For all that it helps keep family members who live across the country in touch with one another, social media causes its fair share of problems. The lack of fact checking has led to some already infamous messes for Facebook, and social media has been known to whip up digital mobs that can lead to terrible cyberbullying, threats and, in the worst cases, real-world violence or suicide. With this dark side of social media slowly coming to light, people are beginning to wonder if they should continue using social media. It may be convenient, but at what cost? Is it worth the risk? Should Christians use social media, or should they stay far away?
Using social media is not in and of itself a problem. The problems begin to appear depending on how a person uses social media and how often they log on to their account. Christians are told that they should not get so involved in this world that they lose track of God and the next world. Unfortunately, social media can cause a person to do exactly that. Internet addiction, especially its subset of social media addiction, has exploded in the last few years. People become more invested in their virtual lives than their real lives and become irritable, depressed, restless and anxious when they are unable to check their social media accounts. Addiction is, of course, something everyone wants to avoid, but it is especially problematic for Christians who may begin neglecting their spouse, children, church or even their relationship with God.
When considering whether or not Christians should be using social media, the amount of time spent on Instagram, Facebook or Tumblr is not the only problem. Christians need to consider what they are posting and reading on social media. Are they posting things that they can be proud of or are they posting pictures of themselves in overly sexualized positions? Do they post statuses and make comments that are in line with the Bible or are their social media accounts a tribute to themselves and their lives?
Social media makes narcissism easy. Behind every post is the assumption that someone is interested in that post. This means that when someone posts about how amazing their sandwich was at lunch, they subconsciously assume that someone is interested in reading about their sandwich. Since many people are on social media all but constantly, the person posting about their sandwich will probably get a like or a comment asking about where their sandwich was from or commiserating on how much the other person loves turkey on sourdough as well. This can easily become a feedback loop that convinces a person that everything they do is fascinating and that the world is always interested in their every move. This, however, is simply not true. It can also be problematic. Christians are taught to be humble and selfless. It is hard to be either of those when a person is convinced that they are the most fascinating creature on the planet and that everyone else is hanging on their every word.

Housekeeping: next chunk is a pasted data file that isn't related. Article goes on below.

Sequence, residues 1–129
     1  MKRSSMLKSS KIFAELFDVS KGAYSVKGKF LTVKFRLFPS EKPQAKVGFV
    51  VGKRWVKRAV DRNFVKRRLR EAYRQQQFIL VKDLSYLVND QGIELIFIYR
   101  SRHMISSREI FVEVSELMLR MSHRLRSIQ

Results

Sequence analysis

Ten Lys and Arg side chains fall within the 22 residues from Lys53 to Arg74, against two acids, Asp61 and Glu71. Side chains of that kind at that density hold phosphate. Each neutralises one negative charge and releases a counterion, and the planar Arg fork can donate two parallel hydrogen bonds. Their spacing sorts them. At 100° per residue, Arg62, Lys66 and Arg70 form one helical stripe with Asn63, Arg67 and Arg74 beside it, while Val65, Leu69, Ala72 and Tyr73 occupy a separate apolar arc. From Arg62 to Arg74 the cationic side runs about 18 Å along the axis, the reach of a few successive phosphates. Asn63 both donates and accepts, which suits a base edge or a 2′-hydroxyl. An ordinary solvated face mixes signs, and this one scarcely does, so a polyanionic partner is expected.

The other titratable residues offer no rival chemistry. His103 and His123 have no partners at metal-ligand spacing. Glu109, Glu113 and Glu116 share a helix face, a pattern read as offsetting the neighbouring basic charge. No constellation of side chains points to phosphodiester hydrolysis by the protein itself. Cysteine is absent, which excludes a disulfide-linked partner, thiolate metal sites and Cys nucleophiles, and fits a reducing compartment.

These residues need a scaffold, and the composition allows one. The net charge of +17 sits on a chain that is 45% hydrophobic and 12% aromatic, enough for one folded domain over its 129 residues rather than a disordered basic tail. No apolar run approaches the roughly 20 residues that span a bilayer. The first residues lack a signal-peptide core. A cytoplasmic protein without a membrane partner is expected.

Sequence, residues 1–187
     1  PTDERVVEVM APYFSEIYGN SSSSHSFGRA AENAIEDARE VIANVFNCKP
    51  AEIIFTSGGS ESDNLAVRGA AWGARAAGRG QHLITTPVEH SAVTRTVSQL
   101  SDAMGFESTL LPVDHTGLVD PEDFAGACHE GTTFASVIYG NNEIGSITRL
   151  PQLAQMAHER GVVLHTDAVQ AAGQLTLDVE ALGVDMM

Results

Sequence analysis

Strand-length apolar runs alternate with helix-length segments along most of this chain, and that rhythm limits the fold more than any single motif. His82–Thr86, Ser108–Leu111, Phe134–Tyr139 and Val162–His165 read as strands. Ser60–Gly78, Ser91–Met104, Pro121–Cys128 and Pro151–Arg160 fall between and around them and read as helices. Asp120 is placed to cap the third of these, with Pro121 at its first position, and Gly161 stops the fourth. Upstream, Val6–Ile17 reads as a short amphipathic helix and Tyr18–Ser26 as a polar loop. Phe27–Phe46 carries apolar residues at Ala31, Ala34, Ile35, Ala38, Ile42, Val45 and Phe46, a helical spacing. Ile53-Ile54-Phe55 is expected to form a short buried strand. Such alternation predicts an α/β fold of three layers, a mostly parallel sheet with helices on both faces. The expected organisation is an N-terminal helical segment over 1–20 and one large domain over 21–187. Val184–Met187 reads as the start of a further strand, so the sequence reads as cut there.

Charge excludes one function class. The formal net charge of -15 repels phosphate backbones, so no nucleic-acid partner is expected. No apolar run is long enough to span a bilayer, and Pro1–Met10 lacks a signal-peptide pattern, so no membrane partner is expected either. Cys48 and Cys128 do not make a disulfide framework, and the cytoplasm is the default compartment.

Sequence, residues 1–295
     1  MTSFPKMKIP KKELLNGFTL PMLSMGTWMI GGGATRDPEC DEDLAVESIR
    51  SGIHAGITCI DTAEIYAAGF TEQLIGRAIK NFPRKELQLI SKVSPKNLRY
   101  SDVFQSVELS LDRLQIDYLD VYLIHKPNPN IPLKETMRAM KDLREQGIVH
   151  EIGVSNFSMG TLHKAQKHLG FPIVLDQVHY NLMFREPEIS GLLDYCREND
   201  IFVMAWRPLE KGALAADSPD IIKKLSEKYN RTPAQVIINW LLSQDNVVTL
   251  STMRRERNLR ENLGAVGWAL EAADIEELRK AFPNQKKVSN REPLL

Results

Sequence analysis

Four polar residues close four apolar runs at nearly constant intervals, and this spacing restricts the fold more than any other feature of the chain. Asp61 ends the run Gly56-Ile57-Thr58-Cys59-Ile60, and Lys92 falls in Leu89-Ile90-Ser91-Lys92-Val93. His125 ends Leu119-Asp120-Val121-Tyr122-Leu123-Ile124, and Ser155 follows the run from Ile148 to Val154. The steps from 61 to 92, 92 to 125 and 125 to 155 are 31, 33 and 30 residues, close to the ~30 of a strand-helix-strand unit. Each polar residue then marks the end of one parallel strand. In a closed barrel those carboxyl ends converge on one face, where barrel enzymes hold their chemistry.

Christians on social media also need to be very careful to keep the idea of “judge not, lest you be judged” at the forefront of their mind. Social media is infamous for whipping up virtual mobs that can and do rip a stranger’s character to shreds. Simply talk to anyone who was ever foolish or naïve enough to scroll down and read the YouTube comments under a video. Such judgments are easy to make on social media. There is a screen between the person judging and the person being judged which makes it feel anonymous. This can lead to people letting loose vitriol that they would never unleash in real life. Social media has cases of people being told to kill themselves because their stomach stuck out a bit in their dress or being told they are worthless and a waste of human skin because they liked the tweet of a politician. It can be a virtual lynch mob just waiting for an excuse to pounce. Find just about any Christian post on Tumblr if more proof is needed. The attacks can be vicious and are often personal.
Even if a Christian avoids getting swept up into the social media uproar, it can be very easy to use social media to one up friends and family members. If a cousin posts a picture and gets a dozen comments about how good she looks, a person may post their own picture to show that they actually look even better. They may also make some sort of backhanded comment about how quickly said cousin lost all that Christmas weight. Neither of these are a good Christian response to a person posing with their fiancé, yet they are painfully common on social media.
Social media can be a wonderful gift to Christians. It can enable them to share their faith with people they would otherwise never reach and to stay in touch with family members or friends that live in different cities or states. Social media can, however, act as a stumbling block to Christians. Social media begs a Christian to focus on this world and place themselves at the center of it. If a Christian can resist that siren call, there is no reason not to set up a few social media accounts. If the temptation to say “look at me” is too much, though, it is probably best that a person walks away from their account until they can remember what really, truly matters. Here’s a hint. It is not the number of likes on a post.